Susan Smith Blakely

Women Lawyers Are Working More Hours Than Their Male Colleagues

There is a new study from the Harvard Law School's Center on the Legal Profession that reports, among other things, that women lawyers are working more hours than their male colleagues.  The survey is limited to Harvard Law grads from the years 1975, 1985, 1995 and 2000, and the conclusions may or may not match your experiences.  The study shows that women outpaced men in all four classes, with women in the class of 2000 working nearly eight hours more per week.

The report on the study seems to acknowledge that the data indicating that women lawyers work more hours than their male colleagues may mean two different things.  It either means that the women lawyers are working efficiently and need to work the additional hours to get the job done or it may mean that women lawyers are falling victim to the perfectionist habits that can plague women in the profession.  One interpretation is good, and one is not so good.

Let's start with how the report described the disparity in number of hours worked by female and male lawyers:

[O]ne important distinction is that [the study] does not show the number of hours billed, which need to be approved by a manager and necessarily requires assessing the value of a lawyer’s work.

There's the rub.  Hours worked versus hours billed.  Although it is admirable to work very hard to produce an excellent product, women lawyers tend toward perfectionism, and that can be costly in the law profession.  If the perfectionism is interpreted as inefficiency by management, the hours get slashed for the purposes of billing.  I do not have to tell you that billable hours rule the day for most lawyers and, especially, for associates.  So, that slashing sound is something you want to avoid.

For more on the subject of the downfalls of perfectionism, take a look at this blog for discussion of the negative role that perfectionism can play in both your personal and professional lives and a follow-up blog to drive the message home.  It is not the gift that keeps on giving!  Far from it.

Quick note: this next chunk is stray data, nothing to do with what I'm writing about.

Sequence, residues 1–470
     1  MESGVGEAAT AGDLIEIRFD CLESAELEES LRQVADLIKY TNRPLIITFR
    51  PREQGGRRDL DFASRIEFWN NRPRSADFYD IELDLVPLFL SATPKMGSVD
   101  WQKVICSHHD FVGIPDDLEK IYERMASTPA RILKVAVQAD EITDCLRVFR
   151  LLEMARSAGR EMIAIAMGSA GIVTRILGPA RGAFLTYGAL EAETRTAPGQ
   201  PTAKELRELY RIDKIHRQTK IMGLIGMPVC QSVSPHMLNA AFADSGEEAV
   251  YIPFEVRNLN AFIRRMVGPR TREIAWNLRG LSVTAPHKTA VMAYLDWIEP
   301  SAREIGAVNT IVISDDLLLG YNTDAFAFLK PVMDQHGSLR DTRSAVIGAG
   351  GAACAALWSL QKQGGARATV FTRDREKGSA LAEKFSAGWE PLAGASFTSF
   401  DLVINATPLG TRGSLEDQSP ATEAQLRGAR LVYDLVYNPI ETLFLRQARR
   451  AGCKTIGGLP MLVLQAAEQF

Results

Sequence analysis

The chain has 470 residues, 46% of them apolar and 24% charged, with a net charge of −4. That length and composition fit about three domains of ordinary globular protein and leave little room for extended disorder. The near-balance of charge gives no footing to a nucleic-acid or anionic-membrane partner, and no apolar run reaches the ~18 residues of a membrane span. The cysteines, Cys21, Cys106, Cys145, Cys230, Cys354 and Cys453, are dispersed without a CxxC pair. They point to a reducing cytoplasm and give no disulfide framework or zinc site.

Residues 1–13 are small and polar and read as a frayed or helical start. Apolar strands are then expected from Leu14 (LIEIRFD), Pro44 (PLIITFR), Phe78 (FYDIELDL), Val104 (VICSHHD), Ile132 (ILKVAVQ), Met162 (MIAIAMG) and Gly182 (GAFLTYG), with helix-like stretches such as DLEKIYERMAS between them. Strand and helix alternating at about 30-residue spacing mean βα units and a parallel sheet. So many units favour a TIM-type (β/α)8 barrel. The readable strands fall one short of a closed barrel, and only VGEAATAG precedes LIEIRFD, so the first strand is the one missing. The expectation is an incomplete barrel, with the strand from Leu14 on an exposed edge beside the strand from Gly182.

Also see "The Perfectionist Trap" in Chapter 8 of my new book, Best Friends at the Bar:  Top-Down Leadership for Women Lawyers, which is due out in July.

To read more on the results of the Harvard Law study, see this link.


Susan Smith Blakely is the Founder of LegalPerspectives LLC and an award-winning, nationally-recognized author, speaker and consultant on issues related to young women lawyers, young women law students and young women interested in careers in the law.  She is author of Best Friends at the Bar:  What Women Need to Know about a Career in the Law (Wolters Kluwer/Aspen Publishers 2009), and Best Friends at the Bar:  The New Balance for Today's Woman Lawyer (Wolters Kluwer Law & Business 2012), which addresses the work-life struggle for women lawyers and includes twelve profiles of women who have successfully transitioned from one practice setting to another.  Her new book, Best Friends at the Bar:  Top-Down Leadership for Women Lawyers, will focus on the responsibilities of law firm leaders and will be released by Wolters Kluwer Law & Business in 2015.

Ms. Blakely frequently speaks at colleges and universities, law schools, law firms and law organizations, and she has been featured in media including the LA Daily Journal, National Jurist, Washington Examiner Newspaper, Forbes Woman, DC Spotlight, Daily Muse and Huffington Post Business.  Ms. Blakely also is a frequent guest speaker and panelist at conferences on women's issues and the law profession, and she has been a featured speaker at the US Department of Justice, Civil Division.  She is the recipient of the Ms. JD 2015 "Sharing Her Passion Award" for her work on behalf of women in the law.
Ms. Blakely graduated from the University of Wisconsin with distinction and from Georgetown University Law Center where she was a teaching fellow. She is a member of the CoachSource global network of leadership coaches and a career coach for the Indiana University Marshall Goldsmith Leadership Development and Executive Coaching Academy.   For more information, please visit www.bestfriendsatthebar.com. 

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